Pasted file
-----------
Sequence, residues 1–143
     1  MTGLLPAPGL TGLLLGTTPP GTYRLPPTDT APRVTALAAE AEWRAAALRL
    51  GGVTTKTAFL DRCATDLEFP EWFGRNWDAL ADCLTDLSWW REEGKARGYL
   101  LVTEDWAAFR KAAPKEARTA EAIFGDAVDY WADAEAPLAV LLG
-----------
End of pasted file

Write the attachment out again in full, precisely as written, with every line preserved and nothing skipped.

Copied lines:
Sequence, residues 1–143
     1  MTGLLPAPGL TGLLLGTTPP GTYRLPPTDT APRVTALAAE AEWRAAALRL
    51  GGVTTKTAFL DRCATDLEFP EWFGRNWDAL ADCLTDLSWW REEGKARGYL
   101  LVTEDWAAFR KAAPKEARTA EAIFGDAVDY WADAEAPLAV LLG